Quick Fix for a Dinghy Outboard

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Quick Fix for a Dinghy Outboard

Postby cmillsnj10 » Sun Jul 21, 2013 9:37 am

I know this is pretty off-topic, but I thought there might be some folks who have acquired expertise with outboards over their years with Freedoms, and so I'm giving it a try.

Our Freedom 32, with my wife single-handing her, is currently in the midst of a 6-week sojourn in Maine. We have a Honda 2 4-stroke outboard that lives on the inflatable. It's decided not to start and my wife believes water must have gotten into the fuel. In the past when this has happened and we've been at our dock in CT, we could take the motor to an outboard repair site, where the service would say the carburetor needed to be cleaned or even rebuilt. Such an undertaking probably isn't in the realm of possibility along the Maine Coast (she's currently in Buck's Harbor, on the edge of Eggemoggin Reach, on the way to Northeast Harbor, where I'll rejoin the cruise 8/1). Does anyone have suggestions for interim fixes? Replacing the existing fuel in the tank is of course a first thought, though that doesn't address the apparently bad fuel that's sitting in the carburetor. Do you think a simple fuel replacement for the tank has any real prospects for success? Any suggestions that take account of the situation and the limitations posed by that situation would definitely be appreciated.

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Re: Quick Fix for a Dinghy Outboard

Postby fmolden » Mon Jul 22, 2013 7:38 am

Had similar issue with my 2 hp Honda. I drained tank, opened carb settling bowl wing nut and drained bowl, added small amount of new gas with excessive amount I'd dry gas additive. And new spark plug. Pulled until it started to sputter, added more fresh gas and been fine since. Also replaced carb assembly ($70) once in the past which could be done on the boat. Ethanol gas is usually the culprit.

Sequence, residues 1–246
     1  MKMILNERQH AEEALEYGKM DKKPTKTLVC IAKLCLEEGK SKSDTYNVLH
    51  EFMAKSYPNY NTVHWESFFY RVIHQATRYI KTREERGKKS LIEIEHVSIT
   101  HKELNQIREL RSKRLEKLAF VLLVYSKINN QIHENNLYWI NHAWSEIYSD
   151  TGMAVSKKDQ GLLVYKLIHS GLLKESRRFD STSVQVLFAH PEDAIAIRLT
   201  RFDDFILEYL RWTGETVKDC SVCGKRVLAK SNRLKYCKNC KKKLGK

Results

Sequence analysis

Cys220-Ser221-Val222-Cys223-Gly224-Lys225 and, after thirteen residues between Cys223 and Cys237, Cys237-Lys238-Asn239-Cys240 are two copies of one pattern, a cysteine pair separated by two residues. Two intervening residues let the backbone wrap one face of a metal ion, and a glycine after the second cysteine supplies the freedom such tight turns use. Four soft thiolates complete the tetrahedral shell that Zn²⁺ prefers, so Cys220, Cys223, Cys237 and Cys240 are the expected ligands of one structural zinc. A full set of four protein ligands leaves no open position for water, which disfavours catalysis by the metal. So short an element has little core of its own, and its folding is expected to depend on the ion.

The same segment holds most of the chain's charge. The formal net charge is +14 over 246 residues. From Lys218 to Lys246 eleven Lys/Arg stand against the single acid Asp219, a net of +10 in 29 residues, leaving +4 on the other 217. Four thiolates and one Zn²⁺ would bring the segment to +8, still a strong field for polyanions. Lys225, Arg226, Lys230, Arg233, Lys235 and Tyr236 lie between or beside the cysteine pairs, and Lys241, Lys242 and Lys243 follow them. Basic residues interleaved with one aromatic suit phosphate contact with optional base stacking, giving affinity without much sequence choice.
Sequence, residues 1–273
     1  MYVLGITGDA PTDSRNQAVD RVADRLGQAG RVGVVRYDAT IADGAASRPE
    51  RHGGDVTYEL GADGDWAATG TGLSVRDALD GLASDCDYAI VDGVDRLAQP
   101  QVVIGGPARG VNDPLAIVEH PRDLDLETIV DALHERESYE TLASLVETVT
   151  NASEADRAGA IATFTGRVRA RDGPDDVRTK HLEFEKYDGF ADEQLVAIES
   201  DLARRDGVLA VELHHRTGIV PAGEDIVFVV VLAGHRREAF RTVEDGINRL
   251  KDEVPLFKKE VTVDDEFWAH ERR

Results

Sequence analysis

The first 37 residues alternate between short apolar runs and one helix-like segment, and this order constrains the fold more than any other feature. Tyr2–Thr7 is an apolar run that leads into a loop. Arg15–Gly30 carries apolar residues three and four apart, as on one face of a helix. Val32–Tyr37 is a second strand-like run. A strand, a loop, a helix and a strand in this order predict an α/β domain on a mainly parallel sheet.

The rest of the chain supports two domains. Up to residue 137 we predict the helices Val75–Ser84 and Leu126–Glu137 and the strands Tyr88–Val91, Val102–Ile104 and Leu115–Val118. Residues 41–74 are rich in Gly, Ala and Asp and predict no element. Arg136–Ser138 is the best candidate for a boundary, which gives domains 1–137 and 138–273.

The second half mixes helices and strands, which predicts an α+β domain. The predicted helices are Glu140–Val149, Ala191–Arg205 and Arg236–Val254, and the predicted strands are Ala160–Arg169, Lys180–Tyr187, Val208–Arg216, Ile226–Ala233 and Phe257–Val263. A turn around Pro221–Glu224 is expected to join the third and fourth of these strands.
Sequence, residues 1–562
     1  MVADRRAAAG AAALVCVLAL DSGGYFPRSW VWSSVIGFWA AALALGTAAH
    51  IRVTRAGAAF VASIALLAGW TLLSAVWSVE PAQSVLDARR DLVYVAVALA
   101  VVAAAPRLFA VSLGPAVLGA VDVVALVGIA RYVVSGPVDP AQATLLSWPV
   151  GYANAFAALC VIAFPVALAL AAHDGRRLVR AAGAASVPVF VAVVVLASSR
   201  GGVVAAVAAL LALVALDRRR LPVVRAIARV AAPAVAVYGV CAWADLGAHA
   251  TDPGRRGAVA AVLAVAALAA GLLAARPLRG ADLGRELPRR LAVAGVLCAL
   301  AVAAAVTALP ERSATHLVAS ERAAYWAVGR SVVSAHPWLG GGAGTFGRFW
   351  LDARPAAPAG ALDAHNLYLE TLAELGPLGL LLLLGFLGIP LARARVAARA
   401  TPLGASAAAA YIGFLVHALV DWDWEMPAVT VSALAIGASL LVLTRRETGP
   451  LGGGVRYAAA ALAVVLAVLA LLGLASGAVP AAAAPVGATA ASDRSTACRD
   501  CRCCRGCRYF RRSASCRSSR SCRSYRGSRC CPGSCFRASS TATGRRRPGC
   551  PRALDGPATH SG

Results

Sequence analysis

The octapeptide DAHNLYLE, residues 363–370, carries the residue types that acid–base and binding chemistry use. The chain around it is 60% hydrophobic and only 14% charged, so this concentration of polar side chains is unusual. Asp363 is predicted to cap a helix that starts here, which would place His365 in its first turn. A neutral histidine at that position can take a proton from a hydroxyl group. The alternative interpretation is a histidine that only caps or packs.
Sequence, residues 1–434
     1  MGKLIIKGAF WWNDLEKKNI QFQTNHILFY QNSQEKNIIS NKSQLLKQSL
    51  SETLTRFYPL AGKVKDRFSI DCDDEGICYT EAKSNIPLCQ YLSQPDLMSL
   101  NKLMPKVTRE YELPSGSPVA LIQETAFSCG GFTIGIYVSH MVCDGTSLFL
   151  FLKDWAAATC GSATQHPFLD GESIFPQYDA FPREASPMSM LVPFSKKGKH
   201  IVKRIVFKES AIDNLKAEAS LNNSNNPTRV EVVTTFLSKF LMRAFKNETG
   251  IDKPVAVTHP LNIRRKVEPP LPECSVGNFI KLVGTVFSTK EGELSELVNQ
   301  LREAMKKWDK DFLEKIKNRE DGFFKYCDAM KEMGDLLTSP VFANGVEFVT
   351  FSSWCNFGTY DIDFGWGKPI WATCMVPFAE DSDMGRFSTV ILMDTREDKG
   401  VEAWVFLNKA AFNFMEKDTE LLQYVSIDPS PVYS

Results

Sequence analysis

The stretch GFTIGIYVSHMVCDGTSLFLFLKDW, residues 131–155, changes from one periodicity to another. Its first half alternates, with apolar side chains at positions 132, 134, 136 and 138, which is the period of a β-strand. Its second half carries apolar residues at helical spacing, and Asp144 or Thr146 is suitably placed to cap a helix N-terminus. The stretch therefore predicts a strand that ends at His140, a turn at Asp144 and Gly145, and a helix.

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Re: Quick Fix for a Dinghy Outboard

Postby dlynch » Mon Jul 22, 2013 8:14 am

Branch Pond Marine has a satellite repair shop in Webber's Cove Boat Yard in Blue Hill. You could make an appointment and sail there to have them repair it or, at least, give you a diagnosis. This is right down the Reach and then up Western Blue Hill Bay. 'Sort of" on your way to NE Harbor and a beautiful scenic detour. The repair shop is not staffed full time so be sure to make an appointment first.
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Re: Quick Fix for a Dinghy Outboard

Postby GeoffSchultz » Mon Jul 22, 2013 8:17 am

The prior answer should hopefully help. I have a Racor that use on my dinghy that's mounted to the transom.
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Re: Quick Fix for a Dinghy Outboard

Postby hxschiller » Mon Jul 22, 2013 4:43 pm

My 5 HP Honda, and the previous 7.5 HP Honda had small petcocks on the bottom of the carburetor float bowl. I always drained the bowl contents if I anticipated the engine would not be used the following day. I don't know if the 2HP has such a petcock, but if it does, using it prevents all manner of carb problems, specifically varnish deposits when the gas evaporates.
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